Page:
Belgian Presidency sets agenda
At a meeting in Brussels on 21 June, Belgium outlined for the first time the priorities for its six-month EU Presidency mandate. What came as a surprise was not the issues themselves, but their abundance.
In the short run, Belgium will have to ensure that euro banknotes and coins go into circulation in January 2002, establish the European Food Authority and make EU security and defence policy operational by the end of the year.
The longer-term objectives are, naturally, fuzzier. The new Presidency will continue pursuing accession negotiations according to the enlargement road map agreed at the Helsinki Summit in 1999. It should also achieve progress on developing a common EU policy on immigration and asylum, together with implementing the programme on sustainable development adopted at the latest Gothenburg Council meeting. Lastly, the Belgian Presidency is to open the so-called dialogue on the future of Europe, which will culminate in the next Intergovernmental Conference in 2004.
With respect to external relations, for the next half of the year the EU is pledged to focus on stabilising yet again the western Balkans and Macedonia in particular. Attention is also paid to the persistent conflict in the Middle East and to cooperation with Russia. Meanwhile, intensified discussions with the USA on the Union's common security and defence policy, its enlargement and environmental concerns are to play a pivotal, although understated, role in the future of the EU.
Belgium has already acknowledged the ambitiousness of its agenda, but seems to consider it a sign of dedication and good will more than anything else.
Enlargement without the Treaty of Nice?
In a four-day visit to Ireland, Commission President Romano Prodi confused his audience when he said that enlargement could proceed without ratification of the Treaty of Nice.
Prodi's aim during the visit was to "understand how Ireland feels about the European union and its future," Jonathan Faull, spokesman to the Commission president said.
At the same time, Mr Prodi said in an interview with the Irish Times: "Legally, ratification of the Nice Treaty is not necessary for enlargement." Thus, he voiced comment by some analysts that the institutional reform concerning new accessions is part of a political declaration, annexed to the treaty, and as such is not legally binding.
Nevertheless, the Commission President later stressed that the "Nice Treaty is a political condition for enlargement." In other words, political consensus over the treaty can reasonably outweigh legal procedure and place enlargement in yet another stalemate.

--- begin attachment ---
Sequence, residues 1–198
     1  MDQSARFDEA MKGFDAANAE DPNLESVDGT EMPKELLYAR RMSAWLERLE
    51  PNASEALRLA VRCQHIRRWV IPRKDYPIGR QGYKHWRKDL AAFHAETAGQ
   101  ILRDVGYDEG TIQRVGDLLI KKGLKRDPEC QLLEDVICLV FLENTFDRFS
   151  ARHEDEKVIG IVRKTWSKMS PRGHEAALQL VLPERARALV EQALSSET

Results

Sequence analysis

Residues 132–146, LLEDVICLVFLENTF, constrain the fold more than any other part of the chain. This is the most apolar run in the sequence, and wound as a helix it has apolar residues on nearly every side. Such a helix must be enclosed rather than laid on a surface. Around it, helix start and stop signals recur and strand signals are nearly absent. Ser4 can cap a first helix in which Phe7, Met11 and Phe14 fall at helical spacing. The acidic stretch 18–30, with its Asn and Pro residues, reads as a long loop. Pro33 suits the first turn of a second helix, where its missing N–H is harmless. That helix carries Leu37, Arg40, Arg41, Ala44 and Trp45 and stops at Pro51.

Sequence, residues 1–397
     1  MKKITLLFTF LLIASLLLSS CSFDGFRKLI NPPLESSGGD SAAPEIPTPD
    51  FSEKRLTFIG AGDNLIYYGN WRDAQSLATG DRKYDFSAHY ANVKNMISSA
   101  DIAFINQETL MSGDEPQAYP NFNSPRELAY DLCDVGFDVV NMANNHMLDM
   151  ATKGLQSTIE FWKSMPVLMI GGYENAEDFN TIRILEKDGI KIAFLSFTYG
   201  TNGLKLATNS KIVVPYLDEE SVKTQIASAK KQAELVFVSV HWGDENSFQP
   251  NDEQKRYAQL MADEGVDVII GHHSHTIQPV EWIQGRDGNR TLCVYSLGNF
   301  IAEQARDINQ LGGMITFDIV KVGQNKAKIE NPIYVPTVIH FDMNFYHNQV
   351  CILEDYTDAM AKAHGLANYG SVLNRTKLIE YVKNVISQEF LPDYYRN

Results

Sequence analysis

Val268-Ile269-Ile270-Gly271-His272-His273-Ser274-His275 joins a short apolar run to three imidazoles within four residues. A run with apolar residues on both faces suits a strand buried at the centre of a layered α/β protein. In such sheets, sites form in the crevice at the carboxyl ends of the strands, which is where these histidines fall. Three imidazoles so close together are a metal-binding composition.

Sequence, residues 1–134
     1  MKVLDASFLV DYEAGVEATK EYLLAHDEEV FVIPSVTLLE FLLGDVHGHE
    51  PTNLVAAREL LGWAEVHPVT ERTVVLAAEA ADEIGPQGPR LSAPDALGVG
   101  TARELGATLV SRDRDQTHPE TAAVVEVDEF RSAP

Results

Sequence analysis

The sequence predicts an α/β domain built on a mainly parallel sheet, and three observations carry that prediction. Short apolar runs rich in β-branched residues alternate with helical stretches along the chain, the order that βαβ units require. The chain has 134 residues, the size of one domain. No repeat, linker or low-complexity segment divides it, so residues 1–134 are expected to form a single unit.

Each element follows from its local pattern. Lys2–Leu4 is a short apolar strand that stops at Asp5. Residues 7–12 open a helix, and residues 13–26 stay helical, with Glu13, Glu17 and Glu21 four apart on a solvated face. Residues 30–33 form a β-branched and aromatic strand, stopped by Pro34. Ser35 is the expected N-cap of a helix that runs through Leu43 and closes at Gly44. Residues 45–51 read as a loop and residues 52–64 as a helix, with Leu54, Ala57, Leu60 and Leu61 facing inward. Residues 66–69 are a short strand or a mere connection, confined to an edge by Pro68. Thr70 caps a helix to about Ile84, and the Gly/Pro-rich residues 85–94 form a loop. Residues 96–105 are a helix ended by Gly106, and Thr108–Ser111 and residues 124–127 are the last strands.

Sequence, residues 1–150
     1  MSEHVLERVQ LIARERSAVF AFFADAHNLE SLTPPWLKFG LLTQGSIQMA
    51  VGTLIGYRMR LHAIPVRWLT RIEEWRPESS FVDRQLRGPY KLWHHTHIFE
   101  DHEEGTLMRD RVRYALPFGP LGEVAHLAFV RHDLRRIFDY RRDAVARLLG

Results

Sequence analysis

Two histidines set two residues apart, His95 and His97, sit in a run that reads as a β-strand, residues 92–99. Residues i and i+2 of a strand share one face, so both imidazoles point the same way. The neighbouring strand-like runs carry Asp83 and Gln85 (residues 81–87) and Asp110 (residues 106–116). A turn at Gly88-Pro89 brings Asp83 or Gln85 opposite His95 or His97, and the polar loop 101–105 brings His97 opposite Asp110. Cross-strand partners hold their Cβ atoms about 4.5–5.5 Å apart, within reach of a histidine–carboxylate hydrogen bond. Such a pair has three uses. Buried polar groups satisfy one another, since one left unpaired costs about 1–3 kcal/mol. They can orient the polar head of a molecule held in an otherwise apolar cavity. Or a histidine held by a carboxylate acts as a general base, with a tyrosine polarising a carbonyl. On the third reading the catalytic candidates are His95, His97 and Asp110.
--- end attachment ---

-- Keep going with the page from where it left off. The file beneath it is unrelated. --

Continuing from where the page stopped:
Overall, the situation so far proves most uncomfortable to the Irish government. With the EU giving clear signs that it will not reopen negotiations, Irish Prime Minister Bertie Ahern has a year to convince the Irish citizens to vote "Yes" at the next referendum.
Estonia starts managing EU farm aid
The European Commission has authorised the Estonian government to take over the management of the SAPARD aid programme, which provides for the preparation of candidates' agricultural sector for participation in the EU market.
Estonia, the second country after Bulgaria to start managing pre-accession farm subsidies, will receive EUR 12.1 million annually. The main objectives of the SAPARD programme here are to boost investment in the sector, improve the quality and marketing of agricultural products and diversify agricultural activities. The provision of supporting infrastructure is also a must.
Candidates discuss competition policy
EU Competition Commissioner Mario Monti and respective officials from the 13 accession states met in Slovenia for their seventh annual competition conference. The issues discussed there will be negotiated during the second half of this year, under the Belgian Presidency. Turkey was among the participants for the first time.
Officials discussed the preliminary results of the Commission's annual report on the competition aspects of enlargement. Particular attention was paid to the candidates' enforcement records with respect to anti-trust legislation and state aid. Aiming to preserve as much of the homogeneity of the EU market as possible upon enlargement, the EU demands that prospective members become accustomed to competition discipline before they actually join. The ability to compete with the EU market is also a cornerstone of the economic criteria for accession, as outlined at the Helsinki Summit in 1999.
There are three conditions in the area of competition policy that must be met by all candidates. Firstly, there must be an established legal framework for anti-trust and state aid. Secondly, legislation must be effectively implemented. Lastly, and maybe most importantly, prospective members should have a concrete anti-trust and state aid record.
Unsurprisingly, Commissioner Monti criticised candidates at the level of policy implementation. Progress in this area will be scrutinized later on this year, when negotiations on competition issues are due.
Ivana Gogova, 22 June 2001
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